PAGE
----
... her series concerning the history of "The People", humanoid beings
from a faraway planet who are forced to emigrate to Earth when their
home world is destroyed by a natural disaster. Scattered mostly
throughout the American Southwest during their landing ...
In Star Trek: Generations, Lursa and Betor Duras make several remarks on the smoothness of human's features. The subject in question was, I believe, dr. Crusher, and her face was described as 'weak and ugly'.
I can't be sure, but the evidence indicates that they are really human.
Pablo Hidalgo is in charge of maintaining the coherence of canon in Star Wars following the Disney acquisition. According to him, speaking of Depa Billaba:
Chalactan is a culture and heritage. She is biologically human.
We should assume that Pablo Hidalgo means "human" in its usual ...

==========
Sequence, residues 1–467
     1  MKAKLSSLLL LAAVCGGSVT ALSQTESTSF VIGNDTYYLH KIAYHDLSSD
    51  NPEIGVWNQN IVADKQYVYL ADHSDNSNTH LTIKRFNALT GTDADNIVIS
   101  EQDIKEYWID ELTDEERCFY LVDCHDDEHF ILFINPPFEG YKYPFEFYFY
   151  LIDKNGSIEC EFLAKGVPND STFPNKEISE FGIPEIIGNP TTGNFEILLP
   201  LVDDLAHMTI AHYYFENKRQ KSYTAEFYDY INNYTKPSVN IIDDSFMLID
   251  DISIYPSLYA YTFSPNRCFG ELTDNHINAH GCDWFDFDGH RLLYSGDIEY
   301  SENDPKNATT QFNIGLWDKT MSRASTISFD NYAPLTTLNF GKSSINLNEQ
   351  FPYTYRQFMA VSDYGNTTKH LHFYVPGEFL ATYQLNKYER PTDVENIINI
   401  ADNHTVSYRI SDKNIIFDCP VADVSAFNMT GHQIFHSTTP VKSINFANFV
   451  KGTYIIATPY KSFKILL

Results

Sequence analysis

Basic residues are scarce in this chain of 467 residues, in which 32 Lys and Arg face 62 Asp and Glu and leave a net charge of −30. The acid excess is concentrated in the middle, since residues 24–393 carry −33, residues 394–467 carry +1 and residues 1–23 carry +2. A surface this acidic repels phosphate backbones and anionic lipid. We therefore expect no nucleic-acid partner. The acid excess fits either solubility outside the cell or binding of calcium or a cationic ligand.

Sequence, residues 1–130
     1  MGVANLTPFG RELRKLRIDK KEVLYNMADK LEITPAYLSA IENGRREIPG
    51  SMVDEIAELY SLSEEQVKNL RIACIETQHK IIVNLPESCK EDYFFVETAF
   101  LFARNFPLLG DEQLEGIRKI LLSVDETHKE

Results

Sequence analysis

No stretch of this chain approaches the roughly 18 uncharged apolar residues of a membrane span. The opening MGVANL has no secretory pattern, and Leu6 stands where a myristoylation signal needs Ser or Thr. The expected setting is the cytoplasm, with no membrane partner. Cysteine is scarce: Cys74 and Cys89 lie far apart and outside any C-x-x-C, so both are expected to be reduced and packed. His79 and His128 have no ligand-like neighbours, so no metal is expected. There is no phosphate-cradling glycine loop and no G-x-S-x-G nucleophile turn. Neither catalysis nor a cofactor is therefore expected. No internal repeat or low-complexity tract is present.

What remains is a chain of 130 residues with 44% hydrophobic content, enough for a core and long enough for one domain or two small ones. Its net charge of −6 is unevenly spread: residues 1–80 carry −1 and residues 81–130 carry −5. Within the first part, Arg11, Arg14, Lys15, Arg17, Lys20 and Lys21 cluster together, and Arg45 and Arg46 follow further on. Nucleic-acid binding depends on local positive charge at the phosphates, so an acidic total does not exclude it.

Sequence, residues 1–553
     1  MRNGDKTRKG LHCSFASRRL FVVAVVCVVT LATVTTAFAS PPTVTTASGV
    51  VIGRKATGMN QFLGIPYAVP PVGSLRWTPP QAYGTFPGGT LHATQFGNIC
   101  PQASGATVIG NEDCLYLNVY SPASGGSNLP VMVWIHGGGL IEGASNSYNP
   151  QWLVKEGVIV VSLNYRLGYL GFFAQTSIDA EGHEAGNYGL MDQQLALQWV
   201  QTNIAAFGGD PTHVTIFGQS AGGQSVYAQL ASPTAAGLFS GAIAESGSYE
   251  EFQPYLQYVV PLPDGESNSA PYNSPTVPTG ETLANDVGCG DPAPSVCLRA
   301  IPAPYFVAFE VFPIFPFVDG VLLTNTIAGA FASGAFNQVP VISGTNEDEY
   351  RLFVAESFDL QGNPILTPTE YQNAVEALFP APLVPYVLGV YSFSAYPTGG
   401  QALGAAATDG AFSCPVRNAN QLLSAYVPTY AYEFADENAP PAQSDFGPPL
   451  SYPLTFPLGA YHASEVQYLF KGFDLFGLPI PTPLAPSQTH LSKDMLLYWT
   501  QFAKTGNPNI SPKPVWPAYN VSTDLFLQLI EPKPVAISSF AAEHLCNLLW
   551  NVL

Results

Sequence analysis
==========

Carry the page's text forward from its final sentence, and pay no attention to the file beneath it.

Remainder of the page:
Sounds like Starliner from David Drake.
The four armed (but six dugged) aliens are just a side story. The main story is about a star voyage just as war is breaking out between two of the planets it will land on during the trip.
The ship is on a circular route between Earth and several of the larger colonies and independent worlds. Its sister ship/...
This sounds a lot like the Riverworld stories by Phillip José Farmer. Not conclusively so, but the resurrections from different eras is a strong link. As the Wikipedia article shows, Farmer set several novels and short stories there.
In "Enterprise" humans are often referred to as "pink skins" by the Andorians. It's often used with a derogatory tone.
In later episodes the phrase is used as a form of endearment after many successful encounters with the Andorians. It's how they perceived Humans, generally, as being different (and more to the point that our most prominent feature to at ...